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Business News/ Opinion / What you may have missed: Narendra Modi’s message to China
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What you may have missed: Narendra Modi’s message to China

Through his diplomatic gestures and one specific ministerial appointment, Modi has sent a clear declaration of intent to Beijing

Many in India may not have understood Narendra Modi’s intent, but the wise men in Beijing surely will. Photo: PTI Premium
Many in India may not have understood Narendra Modi’s intent, but the wise men in Beijing surely will. Photo: PTI

In the last 36 hours, we have seen intense discussion and speculation on the future of India-Pakistan relations in the wake of Nawaz Sharif attending the swearing in ceremony of Narendra Modi as India’s new Prime Minister. But no one seems to be talking about China. What most analysts appear to have missed is that Modi has also sent a multi-leveled but clear message to our giant neighbour in the north.

Take his invitation to all the leaders of neighbouring countries, most importantly Maldives and Sri Lanka. China has been for years single-mindedly pursuing its string of pearls strategy to encircle India. Maldives, traditionally a good and amiable friend of India, is now almost lost to China.

To quote from John Elliott’s recent—and eye-opening—book Implosion, “Problems probably created, or at least accentuated, by China have emerged in the Maldives… China opened a mission in Male, the capital, in March 2012, and the country’s president, Mohamed Waheed, met (former head of the Chinese government) Wen Jiabao in China a month later, when $500m aid was agreed.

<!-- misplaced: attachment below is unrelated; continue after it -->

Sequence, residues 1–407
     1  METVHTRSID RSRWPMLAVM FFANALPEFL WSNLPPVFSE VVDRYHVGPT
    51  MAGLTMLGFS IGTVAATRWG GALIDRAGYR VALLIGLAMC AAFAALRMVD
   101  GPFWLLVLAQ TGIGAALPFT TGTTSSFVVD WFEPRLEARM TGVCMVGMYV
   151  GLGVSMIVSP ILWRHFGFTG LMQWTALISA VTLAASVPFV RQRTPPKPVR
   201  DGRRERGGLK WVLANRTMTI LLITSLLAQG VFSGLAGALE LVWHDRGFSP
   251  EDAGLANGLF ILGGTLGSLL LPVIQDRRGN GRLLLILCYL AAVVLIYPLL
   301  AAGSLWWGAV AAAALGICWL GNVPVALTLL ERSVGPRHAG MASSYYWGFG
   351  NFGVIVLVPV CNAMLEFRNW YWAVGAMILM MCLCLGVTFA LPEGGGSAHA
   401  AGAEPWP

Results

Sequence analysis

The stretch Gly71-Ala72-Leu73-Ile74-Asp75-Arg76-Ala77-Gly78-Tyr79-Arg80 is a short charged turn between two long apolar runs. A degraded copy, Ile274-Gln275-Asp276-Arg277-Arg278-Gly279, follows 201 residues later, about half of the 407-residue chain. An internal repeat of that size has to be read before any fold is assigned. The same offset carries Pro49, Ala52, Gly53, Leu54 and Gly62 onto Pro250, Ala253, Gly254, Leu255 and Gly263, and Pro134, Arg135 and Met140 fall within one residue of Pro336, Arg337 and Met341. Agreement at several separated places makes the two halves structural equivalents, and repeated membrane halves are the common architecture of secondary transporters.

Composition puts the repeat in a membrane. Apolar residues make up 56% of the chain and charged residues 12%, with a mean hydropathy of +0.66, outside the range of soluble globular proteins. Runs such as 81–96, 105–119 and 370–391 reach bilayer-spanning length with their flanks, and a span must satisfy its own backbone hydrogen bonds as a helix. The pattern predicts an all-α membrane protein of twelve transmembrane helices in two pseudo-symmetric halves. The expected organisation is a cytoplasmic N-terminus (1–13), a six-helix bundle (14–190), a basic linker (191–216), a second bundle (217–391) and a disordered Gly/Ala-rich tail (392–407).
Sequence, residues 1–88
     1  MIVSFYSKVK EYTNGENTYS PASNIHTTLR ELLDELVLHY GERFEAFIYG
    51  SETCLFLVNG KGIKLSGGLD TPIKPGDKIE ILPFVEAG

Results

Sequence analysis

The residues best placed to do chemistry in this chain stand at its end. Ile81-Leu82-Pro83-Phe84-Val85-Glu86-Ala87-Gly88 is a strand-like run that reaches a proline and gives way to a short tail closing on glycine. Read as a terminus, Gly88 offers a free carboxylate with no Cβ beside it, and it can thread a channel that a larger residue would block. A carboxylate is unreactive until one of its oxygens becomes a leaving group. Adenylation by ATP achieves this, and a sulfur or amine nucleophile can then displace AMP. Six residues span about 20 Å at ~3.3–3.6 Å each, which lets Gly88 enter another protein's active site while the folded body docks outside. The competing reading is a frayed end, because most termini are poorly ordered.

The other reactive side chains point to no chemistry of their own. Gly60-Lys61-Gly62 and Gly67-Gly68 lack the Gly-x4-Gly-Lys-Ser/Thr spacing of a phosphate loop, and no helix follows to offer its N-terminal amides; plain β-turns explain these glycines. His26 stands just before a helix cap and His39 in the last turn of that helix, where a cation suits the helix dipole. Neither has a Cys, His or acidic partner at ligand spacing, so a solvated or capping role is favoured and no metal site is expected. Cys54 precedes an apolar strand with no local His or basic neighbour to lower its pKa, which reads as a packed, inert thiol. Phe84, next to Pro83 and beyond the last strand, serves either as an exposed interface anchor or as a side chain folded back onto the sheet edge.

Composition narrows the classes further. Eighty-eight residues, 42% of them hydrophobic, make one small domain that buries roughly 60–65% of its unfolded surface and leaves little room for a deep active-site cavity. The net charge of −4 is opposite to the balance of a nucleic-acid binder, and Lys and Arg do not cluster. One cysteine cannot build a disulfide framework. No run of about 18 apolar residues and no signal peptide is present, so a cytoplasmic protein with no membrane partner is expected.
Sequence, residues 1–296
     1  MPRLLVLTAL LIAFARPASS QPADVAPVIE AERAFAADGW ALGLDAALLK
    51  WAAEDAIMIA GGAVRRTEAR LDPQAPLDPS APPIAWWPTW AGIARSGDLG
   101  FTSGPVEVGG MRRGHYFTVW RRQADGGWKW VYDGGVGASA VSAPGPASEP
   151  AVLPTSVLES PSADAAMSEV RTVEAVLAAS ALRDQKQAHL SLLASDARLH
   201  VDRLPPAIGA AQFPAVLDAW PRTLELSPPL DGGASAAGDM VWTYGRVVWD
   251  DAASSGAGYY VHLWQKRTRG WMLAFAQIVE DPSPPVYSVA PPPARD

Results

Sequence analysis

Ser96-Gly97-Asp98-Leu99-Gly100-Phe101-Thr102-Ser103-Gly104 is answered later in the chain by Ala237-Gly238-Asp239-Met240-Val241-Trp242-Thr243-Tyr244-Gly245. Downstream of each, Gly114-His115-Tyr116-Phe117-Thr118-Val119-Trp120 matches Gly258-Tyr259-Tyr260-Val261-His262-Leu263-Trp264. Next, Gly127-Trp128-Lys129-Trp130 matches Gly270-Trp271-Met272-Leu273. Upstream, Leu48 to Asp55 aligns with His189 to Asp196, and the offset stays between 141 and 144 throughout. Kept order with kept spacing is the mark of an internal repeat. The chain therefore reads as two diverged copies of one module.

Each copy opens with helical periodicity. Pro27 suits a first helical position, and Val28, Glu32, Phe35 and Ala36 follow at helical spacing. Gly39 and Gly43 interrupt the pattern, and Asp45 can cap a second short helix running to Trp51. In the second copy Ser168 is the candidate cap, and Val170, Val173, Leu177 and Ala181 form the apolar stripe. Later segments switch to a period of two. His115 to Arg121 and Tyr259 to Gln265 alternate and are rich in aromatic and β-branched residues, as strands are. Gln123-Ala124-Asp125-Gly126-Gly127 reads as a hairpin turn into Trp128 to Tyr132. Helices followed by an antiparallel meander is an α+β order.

“Towards the end of 2012, the government cancelled a long-tern build-and-operate airport contract with GMR, the Indian infrastructure company. That happened just after China’s defence minister, Liang Guanglie, visited the islands. Mohammed Nazim, the Maldives minister for defence, national security and transport, who handled the airport, had also just been to Beijing. This showed a distinct pro-China tilt by the Maldives…

“Previously the islands had relied on Indian assistance, as was well illustrated in 1988 when Indian troops quickly quelled a coup attempt by Sri Lankan Tamil mercenaries. Unsurprisingly, India, which is rarely adept at handling its neighbours, failed to deal smartly with the airport situation and the contract was lost, which was widely seen as a gain for China."

Among the many areas the second regime of United Progressive Alliance (UPA) government was paralysed in, one was foreign policy. The Indian government sat around open-mouthed as China quite openly lured Maldives into its area of influence. Maldives is also crucial to India for another reason: the islands have been seeing a disturbing rise in Islamist fundamentalism, which, while creating social and political instability in the islands, could also have disturbing implications for India. Inviting Abdulla Yameen Abdul Gayoom over for the swearing in, and chatting with him to get an informal sense of the situation in the islands is Modi’s first step to woo Maldives back into India’s fold. At the least, he is sending a message to China that India would no longer sit idle and watch Maldives slide away and become a pearl in China’s string.

Right now, in the wake of the global furore about the way it ended its civil war, Sri Lanka believes it needs a great deal of international support. While the Manmohan Singh government was blackmailed by its Tamil ally Dravida Munnetra Kazhagam (DMK) into not voting for Sri Lanka at the United Nations, China has been happily and not-so-quietly stepping into the breach. Chinese companies are building infrastructure contracts worth some $4 billion including the country’s second international airport, a massive special economic zone, and Sri Lanka’s first four-lane expressway, and all almost wholly funded with Chinese soft loans.